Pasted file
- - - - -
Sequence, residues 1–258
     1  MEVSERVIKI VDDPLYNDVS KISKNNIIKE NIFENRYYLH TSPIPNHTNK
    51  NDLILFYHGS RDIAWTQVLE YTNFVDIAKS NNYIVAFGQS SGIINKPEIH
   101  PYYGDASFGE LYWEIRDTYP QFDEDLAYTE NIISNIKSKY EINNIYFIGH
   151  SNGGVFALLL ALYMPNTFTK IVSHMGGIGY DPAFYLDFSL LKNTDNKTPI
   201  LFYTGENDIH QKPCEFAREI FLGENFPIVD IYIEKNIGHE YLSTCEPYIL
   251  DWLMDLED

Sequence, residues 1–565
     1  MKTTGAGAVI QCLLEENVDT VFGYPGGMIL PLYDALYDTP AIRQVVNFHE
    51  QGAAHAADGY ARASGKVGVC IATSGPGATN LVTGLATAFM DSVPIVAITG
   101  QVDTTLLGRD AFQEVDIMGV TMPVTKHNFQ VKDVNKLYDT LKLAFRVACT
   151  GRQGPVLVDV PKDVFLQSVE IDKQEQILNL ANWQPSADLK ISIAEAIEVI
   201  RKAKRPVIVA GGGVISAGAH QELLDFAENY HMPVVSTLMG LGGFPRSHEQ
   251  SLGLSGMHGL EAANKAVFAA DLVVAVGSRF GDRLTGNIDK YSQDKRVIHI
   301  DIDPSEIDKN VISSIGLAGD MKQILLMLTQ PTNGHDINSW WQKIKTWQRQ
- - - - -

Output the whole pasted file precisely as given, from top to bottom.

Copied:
Sequence, residues 1–258
     1  MEVSERVIKI VDDPLYNDVS KISKNNIIKE NIFENRYYLH TSPIPNHTNK
    51  NDLILFYHGS RDIAWTQVLE YTNFVDIAKS NNYIVAFGQS SGIINKPEIH
   101  PYYGDASFGE LYWEIRDTYP QFDEDLAYTE NIISNIKSKY EINNIYFIGH
   151  SNGGVFALLL ALYMPNTFTK IVSHMGGIGY DPAFYLDFSL LKNTDNKTPI
   201  LFYTGENDIH QKPCEFAREI FLGENFPIVD IYIEKNIGHE YLSTCEPYIL
   251  DWLMDLED

Sequence, residues 1–565
     1  MKTTGAGAVI QCLLEENVDT VFGYPGGMIL PLYDALYDTP AIRQVVNFHE
    51  QGAAHAADGY ARASGKVGVC IATSGPGATN LVTGLATAFM DSVPIVAITG
   101  QVDTTLLGRD AFQEVDIMGV TMPVTKHNFQ VKDVNKLYDT LKLAFRVACT
   151  GRQGPVLVDV PKDVFLQSVE IDKQEQILNL ANWQPSADLK ISIAEAIEVI
   201  RKAKRPVIVA GGGVISAGAH QELLDFAENY HMPVVSTLMG LGGFPRSHEQ
   251  SLGLSGMHGL EAANKAVFAA DLVVAVGSRF GDRLTGNIDK YSQDKRVIHI
   301  DIDPSEIDKN VISSIGLAGD MKQILLMLTQ PTNGHDINSW WQKIKTWQRQ